As you may have guessed from the serious dearth of posts around here, the last few months have been completely crazy for me at work. A massive patent case on which I had been working was slated for five back-to-back trials spanning from March through August, and the flurry of activity that's needed for such an enormous undertaking had our entire team completely consumed. Then, suddenly and without warning, the parties reached a settlement that resolved the entire case -- changing my very existence overnight. Whereas one day I felt like I was drowning in an endless sea of work, the next day I was happily concerned about whether I had enough
work on my plate. The summer vacation that I had written off as an impossibility was miraculously resurrected. And when my close friend and coworker A decided to accelerate her sabbatical and travel through Europe now instead of waiting until later in the year, I found myself toying with the idea of a spur-of-the-moment trip to Paris to meet up with her. And so it is that I now find myself sitting in a hotel in Rive Droite, midway through a glorious six days of fantastic food, wine, and fun.
of my fellow Bay Area food bloggers just returned from a great week in Paris last month, while another
seems to be in Paris just about every other week. But as hard as it is for me to believe, my
last trip to Paris was nearly seventeen
years ago, when a friend and I backpacked through Europe in the summer between finishing college and starting graduate school. It was a time before
I had experienced the wonders of San Francisco's incredible restaurant scene, before
I had developed any kind of appreciation for fine dining, and -- most importantly -- before
I had achieved the luxury of receiving a regular paycheck. And believe me, when you're traveling as a student on $40 per day all inclusive, the Paris that you experience is one of baguettes and cheap fruit -- not degustation menus and wine pairings.
A lot has changed in the intervening years, most notably my admiration -- and even reverence -- for great cuisine and the talented chefs who create it. But let's face it, for those of us who live in and love the Bay Area's restaurant scene, there's always someone standing by to rain on our parade by saying one of two things: the premier restaurants in New York, on average, are better than San Francisco's best, and the top restaurants in Paris are even better still. Is it really true that the upper-tier restaurants in Paris are that
much better than the top restaurants in the Bay Area? Does Paris really
deserve to have ten
restaurants rated by Michelin at three stars, compared to the Bay Area's paltry one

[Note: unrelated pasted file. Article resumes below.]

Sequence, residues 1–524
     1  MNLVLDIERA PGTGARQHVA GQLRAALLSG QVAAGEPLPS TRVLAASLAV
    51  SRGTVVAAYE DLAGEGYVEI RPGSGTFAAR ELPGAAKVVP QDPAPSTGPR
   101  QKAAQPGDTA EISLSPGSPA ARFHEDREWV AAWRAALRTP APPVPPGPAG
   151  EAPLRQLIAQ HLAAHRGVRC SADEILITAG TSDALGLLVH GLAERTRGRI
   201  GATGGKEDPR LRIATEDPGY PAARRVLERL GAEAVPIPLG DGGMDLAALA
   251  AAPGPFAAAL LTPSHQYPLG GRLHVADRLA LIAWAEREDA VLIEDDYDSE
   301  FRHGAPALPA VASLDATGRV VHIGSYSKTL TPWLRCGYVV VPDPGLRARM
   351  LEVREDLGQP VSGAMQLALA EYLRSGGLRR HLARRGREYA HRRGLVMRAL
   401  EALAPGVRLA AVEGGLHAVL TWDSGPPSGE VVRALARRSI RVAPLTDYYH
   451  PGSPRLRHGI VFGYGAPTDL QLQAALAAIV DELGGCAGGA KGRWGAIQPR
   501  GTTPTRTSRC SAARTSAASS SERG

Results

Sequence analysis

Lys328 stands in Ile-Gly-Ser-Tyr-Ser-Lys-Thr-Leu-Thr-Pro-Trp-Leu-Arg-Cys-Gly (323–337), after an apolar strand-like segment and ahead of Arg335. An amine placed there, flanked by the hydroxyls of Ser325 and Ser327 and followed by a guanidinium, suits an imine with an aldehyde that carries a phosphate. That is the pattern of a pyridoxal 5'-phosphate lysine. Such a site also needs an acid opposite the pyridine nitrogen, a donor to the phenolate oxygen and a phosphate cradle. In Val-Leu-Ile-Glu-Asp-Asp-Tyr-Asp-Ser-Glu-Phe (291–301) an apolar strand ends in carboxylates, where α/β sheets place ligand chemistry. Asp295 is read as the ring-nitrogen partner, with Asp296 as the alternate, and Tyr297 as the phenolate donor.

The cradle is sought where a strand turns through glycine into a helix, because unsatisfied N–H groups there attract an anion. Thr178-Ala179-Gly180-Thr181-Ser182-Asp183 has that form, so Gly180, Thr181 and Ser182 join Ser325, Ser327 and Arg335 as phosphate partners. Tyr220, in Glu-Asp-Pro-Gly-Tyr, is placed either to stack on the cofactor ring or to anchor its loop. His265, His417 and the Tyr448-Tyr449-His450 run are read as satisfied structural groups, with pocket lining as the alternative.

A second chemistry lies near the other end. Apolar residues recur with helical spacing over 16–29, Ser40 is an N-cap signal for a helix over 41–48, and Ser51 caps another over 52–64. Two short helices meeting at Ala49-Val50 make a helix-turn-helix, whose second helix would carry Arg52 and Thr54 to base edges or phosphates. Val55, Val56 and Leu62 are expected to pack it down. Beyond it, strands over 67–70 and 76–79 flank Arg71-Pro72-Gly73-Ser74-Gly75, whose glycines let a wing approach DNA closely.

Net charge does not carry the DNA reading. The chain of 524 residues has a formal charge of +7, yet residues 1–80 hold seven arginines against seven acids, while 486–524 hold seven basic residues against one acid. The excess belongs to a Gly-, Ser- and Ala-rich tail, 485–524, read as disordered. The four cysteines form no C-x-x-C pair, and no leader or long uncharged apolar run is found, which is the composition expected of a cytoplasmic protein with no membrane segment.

? If I were going to go to Paris, I simply had to find out. Or, to be more honest, I should probably put it this way: a trip to Paris -- specifically
for the purpose of experiencing the offerings of the city's best establishments and chefs for myself -- was an absolute imperative.
Most normal people, of course, would book a flight and hotel and then give some thought to where they might want to eat. I, on the other hand, approached it in precisely the reverse order. After all, if I couldn't experience the great restaurants that I had read and heard so much about, wouldn't it be better to postpone my trip until I could? (I'm hoping that at least a few of my fellow food bloggers, if nobody else, will understand my twisted logic here!) I accordingly stayed up late one evening and called all of the Michelin three-star restaurants, a mere three weeks
before my potential arrival date. Not surprisingly, virtually all of the restaurants had limited availability, and getting the overall schedule to fit neatly into a six-day period was an exercise akin to the so-called "logic games" section of the LSAT that I had taken many years earlier (making me glad to know that it was useful for something
). In the end, I arrived at a schedule that truly excited me, a veritable tasting menu of Paris itself. Here is my "seven-course" sampling of the city's finest:
Course 1: L'Arpege
Course 2: Le Meurice
Course 3: Ledoyen
Course 4: Guy Savoy
Course 5: Pierre Gagnaire (lunch)
Course 6: Plaza Athenee
Course 7: Le Pre Catalan
All seven of the restaurants hold three stars in Michelin's 2007 guide for Paris, with Le Meurice and Le Pre Catalan having just been elevated to that ranking this year. Of the remaining three Paris establishments that enjoy three-star status (i.e., L'Astrance, Le Grand Vefour, and L'Ambroisie), I couldn't get into the first one and didn't try too hard with regard to latter two. After all, I would only be in Paris for six days, and I was reluctant to schedule too many days with both a lunch and a dinner (especially since I intended to order the degustation menu at dinner each night, which typically results in my skipping lunch both that day and the next day). Thus, I resolved that the final three would have to wait for my next trip, and I went ahead and booked my plane ticket and hotel.
Well, I just returned from dinner at Guy Savoy this evening, and the results so far have been extremely interesting and very eye-opening. I won't give away the results just yet, as I do want to evaluate all seven restaurants against one another before I reach any definitive conclusions. So, tune in again starting next week, as I describe each of my dining experiences!